David B. Ruderman is the Joseph Meyerhoff Professor of Modern Jewish History. He was also the Ella Darivoff Director of the Herbert D. Katz Center for Advanced Judaic Studies at the University of Pennsylvania for twenty years from 1994 to 2014.
He is the author of The World of a Renaissance Jew: The Life and Thought of Abraham b. Mordecai Farissol, for which he received the National Jewish Book Award in history in l982; Kabbalah, Magic, and Science: The Cultural Universe of a Sixteenth-Century Jewish Physician; and A Valley of Vision: The Heavenly Journey of Abraham Ben Hananiah Yagel (also published in Hebrew in 1997). He is co-author, with William W. Hallo and Michael Stanislawski, of the two volume Heritage: Civilization and the Jews Study Guide and Source Reader, prepared in conjunction with the showing of the Public Television series of the same name. He has edited Essential Papers on Jewish Culture in Renaissance and Baroque Italy, Preachers of the Italian Ghetto, The Jewish Past Revisited: Reflections on Modern Jewish Historians [with David Myers], Cultural Intermediaries: Jewish Intellectuals in Early Modern Italy [with Giuseppe Veltri] and [with Shmuel Feiner] Early Modern Culture and the Haskalah: Reconsidering the Borderlines of Modern Jewish History [Simon Dubnov Institute Yearbook, 6 (2007): 17-266]. He has also published Jewish Thought and Scientific Discovery in Early Modern Europe which has also appeared in Italian, Russian, and Hebrew versions. His book Jewish Enlightenment in an English Key: Anglo-Jewry's Construction of Modern Jewish Thought published by Princeton University Press in 2000 won the Koret Award for the best book in Jewish History in 2001. His more recent books are Connecting the Covenants: Judaism and the Search for Christian Identity in Eighteenth-Century England and Early Modern Jewry: A New Cultural History which also received the National Jewish Book Award in History in 2011. His latest book is A Best-Selling Hebrew Book of the Modern Era: The Book of the Covenant of Pinḥas Hurwitz and its Remarkable Legacy. He has produced two courses on Jewish history for the Great Courses/Teaching Company on both medieval and modern Jewish history.
Professor Ruderman was educated at the City College of New York, the Teacher's Institute of the Jewish Theological Seminary of America, and Columbia University. He received his rabbinical degree from the Hebrew Union College-Jewish Institute of Religion in New York in 1971, and his Ph.D. in Jewish History from the Hebrew University, Jerusalem, in 1975. Prior to coming to Penn, he held the Frederick P. Rose Chair of Jewish History at Yale University (1983-1994) and the Louis L. Kaplan Chair of Jewish Historical Studies at the University of Maryland, College Park (1974-1983), where he was instrumental in establishing both institutions' Judaic studies programs. At the University of Maryland he also won the Distinguished Scholar-Teacher Award in 1982-1983 and, at the University of Pennsylvania, the Charles Ludwig Distinguished Teaching Award in 2008.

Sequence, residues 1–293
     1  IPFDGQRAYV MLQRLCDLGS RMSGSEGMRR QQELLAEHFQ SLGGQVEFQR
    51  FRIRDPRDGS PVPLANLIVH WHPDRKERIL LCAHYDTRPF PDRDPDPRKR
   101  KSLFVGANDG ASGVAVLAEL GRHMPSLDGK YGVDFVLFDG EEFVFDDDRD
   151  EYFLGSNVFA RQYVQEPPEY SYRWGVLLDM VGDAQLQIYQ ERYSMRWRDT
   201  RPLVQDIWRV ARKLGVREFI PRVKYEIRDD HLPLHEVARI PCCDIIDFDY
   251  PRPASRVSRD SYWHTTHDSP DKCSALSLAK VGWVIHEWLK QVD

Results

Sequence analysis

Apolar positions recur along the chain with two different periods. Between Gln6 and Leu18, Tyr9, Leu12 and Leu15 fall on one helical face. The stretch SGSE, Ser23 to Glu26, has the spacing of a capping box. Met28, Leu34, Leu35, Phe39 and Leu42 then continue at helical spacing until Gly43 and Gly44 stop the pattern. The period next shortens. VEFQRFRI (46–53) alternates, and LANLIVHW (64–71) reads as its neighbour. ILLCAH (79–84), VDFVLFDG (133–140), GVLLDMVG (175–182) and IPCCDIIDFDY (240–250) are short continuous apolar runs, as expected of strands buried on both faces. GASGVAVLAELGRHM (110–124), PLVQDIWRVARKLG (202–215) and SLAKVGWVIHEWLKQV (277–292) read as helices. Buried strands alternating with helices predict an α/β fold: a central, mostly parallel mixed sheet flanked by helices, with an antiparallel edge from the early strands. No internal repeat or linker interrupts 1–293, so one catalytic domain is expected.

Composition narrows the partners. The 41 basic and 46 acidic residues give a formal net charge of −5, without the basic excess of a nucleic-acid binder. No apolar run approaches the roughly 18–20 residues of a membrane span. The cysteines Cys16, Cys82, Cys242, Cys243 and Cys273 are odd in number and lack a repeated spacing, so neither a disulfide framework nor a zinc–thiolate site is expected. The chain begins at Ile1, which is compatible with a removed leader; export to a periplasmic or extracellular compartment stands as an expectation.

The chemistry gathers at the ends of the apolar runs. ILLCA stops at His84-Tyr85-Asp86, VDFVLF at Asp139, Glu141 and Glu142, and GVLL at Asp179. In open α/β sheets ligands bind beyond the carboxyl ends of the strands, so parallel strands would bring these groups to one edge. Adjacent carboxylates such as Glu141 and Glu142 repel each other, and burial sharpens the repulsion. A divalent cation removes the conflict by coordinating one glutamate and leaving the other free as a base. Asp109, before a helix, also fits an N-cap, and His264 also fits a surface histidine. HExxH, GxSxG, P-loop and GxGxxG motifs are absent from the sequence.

Professor Ruderman has served on the board and as vice-president of the Association of Jewish Studies, and on the boards of the Central Conference of American Rabbis, the Journal of Reform Judaism, the Renaissance Society of America, and the World Union of Jewish Studies. He also chaired the task force on continuing rabbinic education for the Central Conference of American Rabbis and HUC-JIR (1989-1992) and the Publications Committee of the Yale Judaic Series, published by Yale University Press (1984-1994). He was the director of the Victor Rothschild Memorial Symposium in Jewish studies, a seminar for doctoral and post-doctoral students held each summer at the Institute for Advanced Studies, Hebrew University, in Jerusalem. He was also a member of the academic advisory board of the Mandel Center for Advanced Judaic Studies of the Hebrew University. He served as president of the American Academy for Jewish Research between 2000 and 2004. He edited the Katz Center's series in Judaic studies called "Jewish Culture and Contexts," published by the University of Pennsylvania Press from 1997 to 2016. He has been a visiting professor at many institutions in the USA, Israel and Europe, and was a fellow at the Institute for Advanced Study at the Hebrew University, the American Academy in Berlin, and the Institute for Advanced Study of Central European University, Budapest. In 2001, the National Foundation for Jewish Culture honored him with its lifetime achievement award for his work in Jewish history, and in 2014, thirty-one of his colleagues and former students presented him with Jewish Culture in Early Modern Europe: Essays in Honor of David B. Ruderman, eds. Richard Cohen, Natalie Dohrmann, Adam Shear, and Elhanan Reiner. He was recently awarded the Alexander von Humboldt Research Award which allows him to pursue research and teaching in Frankfort, Germany for several months of each year (2016-2020). Most recently Professor Ruderman completed his latest book, Missionaries, Converts, and Rabbis: The Evangelical Alexander McCaul and Jewish-Christian Debate in the Nineteenth Century, due out in March 2020, which will mark his retirement from the University of Pennsylvania and from his 45 years of University teaching.
His Young Judaea History began as a regular camper in 1959, Machon in 1960, MA 1961, followed by Year course 1961-1962. He was a Tel Yehudah Madrich in 1963- 1965 and Merakez of regular camp and Ulpan, 1966-1969. Professor Ruderman moved through the ranks to Head Counselor in 1967, and director of TY in 1971, and also taught on Year Course from 1971-1974.